By Marie-Louise Gumuchian
LONDON (Reuters) – “Cats” star Jason Derulo has hit back at critics who have slammed the film adaptation of the hit stage musical, calling the movie “an incredible, brave piece of art”.
From “cat-tastrophic” to “the worst thing to happen to cats since dogs”, most reviews for the film released this week have been far from kind, with disapproval ranging over the cast’s computer-generated furry looks, oversized sets and plot.
As of Friday, 19% of 129 reviews collected on the Rotten Tomatoes website were positive.
“Reviews don’t matter … It’s an incredible, brave piece of art … When (the musical) came out on Broadway, it was the same thing, people were like ‘What is this, this is something totally different’,” Derulo told celebrity website TMZ.
“Any time that you defy what an art form is, any time you defy all rules … there’s going to be some pushback obviously,” Derulo added, calling the film’s director, Oscar winner Tom Hooper, a “class act”.
“I am just excited for the people to actually see it because reviewers … what the hell do they know? Have they made a film ever in their life?”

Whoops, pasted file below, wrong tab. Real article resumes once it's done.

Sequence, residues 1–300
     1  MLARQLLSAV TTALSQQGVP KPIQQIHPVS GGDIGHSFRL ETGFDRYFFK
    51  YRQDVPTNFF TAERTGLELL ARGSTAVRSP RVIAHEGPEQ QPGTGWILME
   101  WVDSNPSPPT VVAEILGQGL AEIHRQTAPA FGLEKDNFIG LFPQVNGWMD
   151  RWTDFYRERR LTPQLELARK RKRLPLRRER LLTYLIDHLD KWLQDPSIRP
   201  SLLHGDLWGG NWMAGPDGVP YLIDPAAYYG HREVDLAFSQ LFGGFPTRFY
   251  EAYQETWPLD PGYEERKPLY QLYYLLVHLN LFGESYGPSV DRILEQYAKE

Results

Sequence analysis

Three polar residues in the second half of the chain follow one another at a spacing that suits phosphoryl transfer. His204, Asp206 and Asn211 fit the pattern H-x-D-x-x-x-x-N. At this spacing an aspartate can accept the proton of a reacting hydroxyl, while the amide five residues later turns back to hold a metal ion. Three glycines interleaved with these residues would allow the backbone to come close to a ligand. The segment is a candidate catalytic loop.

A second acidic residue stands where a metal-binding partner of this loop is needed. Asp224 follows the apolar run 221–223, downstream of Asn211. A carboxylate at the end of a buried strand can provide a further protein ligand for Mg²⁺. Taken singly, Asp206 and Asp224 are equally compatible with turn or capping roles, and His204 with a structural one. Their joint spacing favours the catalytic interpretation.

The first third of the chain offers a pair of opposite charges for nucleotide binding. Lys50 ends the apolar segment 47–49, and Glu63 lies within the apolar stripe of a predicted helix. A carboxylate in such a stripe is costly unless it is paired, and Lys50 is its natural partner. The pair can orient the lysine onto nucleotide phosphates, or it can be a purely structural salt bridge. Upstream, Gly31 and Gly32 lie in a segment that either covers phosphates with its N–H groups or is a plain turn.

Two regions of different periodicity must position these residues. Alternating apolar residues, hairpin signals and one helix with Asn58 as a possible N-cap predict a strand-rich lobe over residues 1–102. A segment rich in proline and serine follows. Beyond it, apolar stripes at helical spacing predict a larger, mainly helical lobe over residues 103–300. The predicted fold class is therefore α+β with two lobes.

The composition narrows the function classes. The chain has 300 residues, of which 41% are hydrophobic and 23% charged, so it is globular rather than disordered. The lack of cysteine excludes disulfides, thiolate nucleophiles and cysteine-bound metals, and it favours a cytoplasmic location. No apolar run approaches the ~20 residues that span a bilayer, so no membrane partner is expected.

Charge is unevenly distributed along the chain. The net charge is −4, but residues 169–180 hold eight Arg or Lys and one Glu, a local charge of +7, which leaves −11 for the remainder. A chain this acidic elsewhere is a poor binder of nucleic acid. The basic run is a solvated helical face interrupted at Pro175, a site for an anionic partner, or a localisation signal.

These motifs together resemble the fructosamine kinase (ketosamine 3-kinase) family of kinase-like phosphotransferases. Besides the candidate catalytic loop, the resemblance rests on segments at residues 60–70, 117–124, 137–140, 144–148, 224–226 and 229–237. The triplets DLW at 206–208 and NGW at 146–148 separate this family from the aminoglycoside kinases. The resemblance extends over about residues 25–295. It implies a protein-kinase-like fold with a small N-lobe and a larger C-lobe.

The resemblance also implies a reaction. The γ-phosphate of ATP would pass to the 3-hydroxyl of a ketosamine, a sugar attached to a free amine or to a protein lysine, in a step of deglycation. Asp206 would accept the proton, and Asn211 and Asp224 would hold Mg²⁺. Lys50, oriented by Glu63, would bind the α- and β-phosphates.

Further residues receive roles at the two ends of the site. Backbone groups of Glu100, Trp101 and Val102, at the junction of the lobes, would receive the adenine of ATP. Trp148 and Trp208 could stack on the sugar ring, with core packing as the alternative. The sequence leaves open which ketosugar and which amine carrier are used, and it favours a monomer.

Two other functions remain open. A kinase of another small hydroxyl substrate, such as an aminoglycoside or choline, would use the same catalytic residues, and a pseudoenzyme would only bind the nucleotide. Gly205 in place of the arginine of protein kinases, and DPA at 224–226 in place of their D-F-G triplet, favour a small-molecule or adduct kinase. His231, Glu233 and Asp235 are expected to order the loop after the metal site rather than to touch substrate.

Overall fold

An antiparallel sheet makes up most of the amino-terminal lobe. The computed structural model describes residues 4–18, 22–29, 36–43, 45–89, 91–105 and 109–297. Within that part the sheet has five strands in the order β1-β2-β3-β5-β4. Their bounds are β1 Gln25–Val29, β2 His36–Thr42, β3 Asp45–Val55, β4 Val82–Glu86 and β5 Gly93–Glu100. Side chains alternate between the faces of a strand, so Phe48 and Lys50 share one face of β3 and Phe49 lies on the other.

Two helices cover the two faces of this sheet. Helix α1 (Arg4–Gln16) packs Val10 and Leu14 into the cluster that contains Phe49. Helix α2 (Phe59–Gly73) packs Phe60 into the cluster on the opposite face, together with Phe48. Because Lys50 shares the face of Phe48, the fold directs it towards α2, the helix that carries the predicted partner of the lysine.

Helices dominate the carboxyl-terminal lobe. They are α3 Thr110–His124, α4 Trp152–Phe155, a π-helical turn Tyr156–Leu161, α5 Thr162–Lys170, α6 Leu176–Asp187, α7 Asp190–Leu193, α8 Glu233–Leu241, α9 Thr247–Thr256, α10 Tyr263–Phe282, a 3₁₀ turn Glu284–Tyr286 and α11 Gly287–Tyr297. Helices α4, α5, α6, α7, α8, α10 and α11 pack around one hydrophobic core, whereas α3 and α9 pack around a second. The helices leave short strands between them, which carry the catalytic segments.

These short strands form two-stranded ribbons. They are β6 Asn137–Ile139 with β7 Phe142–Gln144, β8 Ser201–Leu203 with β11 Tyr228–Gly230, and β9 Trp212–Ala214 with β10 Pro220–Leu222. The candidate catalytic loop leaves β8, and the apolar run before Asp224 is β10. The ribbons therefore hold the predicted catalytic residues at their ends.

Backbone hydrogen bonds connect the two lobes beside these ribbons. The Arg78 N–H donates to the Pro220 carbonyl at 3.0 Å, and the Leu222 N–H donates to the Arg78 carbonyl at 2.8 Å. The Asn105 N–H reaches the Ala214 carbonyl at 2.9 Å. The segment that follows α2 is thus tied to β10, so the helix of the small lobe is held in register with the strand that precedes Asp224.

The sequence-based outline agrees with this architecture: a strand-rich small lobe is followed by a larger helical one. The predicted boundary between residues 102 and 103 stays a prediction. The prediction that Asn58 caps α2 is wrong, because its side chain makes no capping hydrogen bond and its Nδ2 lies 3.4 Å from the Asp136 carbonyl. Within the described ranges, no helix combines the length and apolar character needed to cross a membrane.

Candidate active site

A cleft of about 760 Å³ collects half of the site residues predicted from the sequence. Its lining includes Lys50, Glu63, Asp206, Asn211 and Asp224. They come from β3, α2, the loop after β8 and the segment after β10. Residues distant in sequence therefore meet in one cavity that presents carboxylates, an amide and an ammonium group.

Featuring Derulo, Taylor Swift, Judi Dench, Ian McKellen, Jennifer Hudson and Idris Elba, “Cats” sparked some negative reaction when its trailer dropped in July.
Adapted from Andrew Lloyd Webber’s musical, the movie shows the actors’ faces while their bodies appear to be covered in fur.
“The real issue is the distracting and disturbing ‘digital fur technology’,” Tara Brady wrote for The Irish Times. “Every time Cats settles into an admittedly avant-garde shape, an ear twitches or a tail flicks and you’re back thinking about how ghastly the actual cats look.”
Variety’s Peter Debruge called it an “outlandishly tacky interpretation”.
“From the first shot … to the last, ‘Cats’ hurts the eyes and, yes, the ears, as nearly all the musical numbers … have been twisted into campy, awards-grubbing cameos for big-name stars in bad-CG cat drag.”
Based on the poems by T.S. Eliot, “Cats” follows the Jellicles group of felines, who annually decide who will ascend to the Heaviside Layer. The musical opened in London in 1981, becoming one of the longest-running shows in the West End and Broadway.
Hooper said he worked on the character designs after initial reaction to the trailer. At Monday’s premiere, he told Variety he had completed the movie only the previous day.
Several critics praised the choreography and performances.
USA Today’s Brian Truitt called “Cats” an “utterly absurd yet oddly charming movie” while Deadline’s Pete Hammond said it was a “welcome treat this holiday season”.
(Reporting by Marie-Louise Gumuchian; Editing by Frances Kerry and Giles Elgood)